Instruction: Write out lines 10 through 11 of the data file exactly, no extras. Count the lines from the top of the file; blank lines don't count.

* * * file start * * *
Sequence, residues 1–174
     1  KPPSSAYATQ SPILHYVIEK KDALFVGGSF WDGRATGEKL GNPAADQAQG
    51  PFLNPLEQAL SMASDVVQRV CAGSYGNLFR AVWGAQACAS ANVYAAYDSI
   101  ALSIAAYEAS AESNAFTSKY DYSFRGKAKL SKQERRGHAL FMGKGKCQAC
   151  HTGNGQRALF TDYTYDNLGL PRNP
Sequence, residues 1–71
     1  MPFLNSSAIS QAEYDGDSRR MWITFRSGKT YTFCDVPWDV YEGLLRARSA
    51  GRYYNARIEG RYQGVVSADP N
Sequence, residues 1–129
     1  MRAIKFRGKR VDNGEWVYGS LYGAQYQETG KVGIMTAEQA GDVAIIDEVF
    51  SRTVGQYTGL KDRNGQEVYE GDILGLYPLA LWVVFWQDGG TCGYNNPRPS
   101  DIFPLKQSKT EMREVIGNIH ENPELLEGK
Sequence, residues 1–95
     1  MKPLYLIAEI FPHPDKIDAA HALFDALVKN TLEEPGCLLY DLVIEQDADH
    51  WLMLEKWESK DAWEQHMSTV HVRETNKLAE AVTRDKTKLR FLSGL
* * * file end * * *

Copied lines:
     1  MRAIKFRGKR VDNGEWVYGS LYGAQYQETG KVGIMTAEQA GDVAIIDEVF
    51  SRTVGQYTGL KDRNGQEVYE GDILGLYPLA LWVVFWQDGG TCGYNNPRPS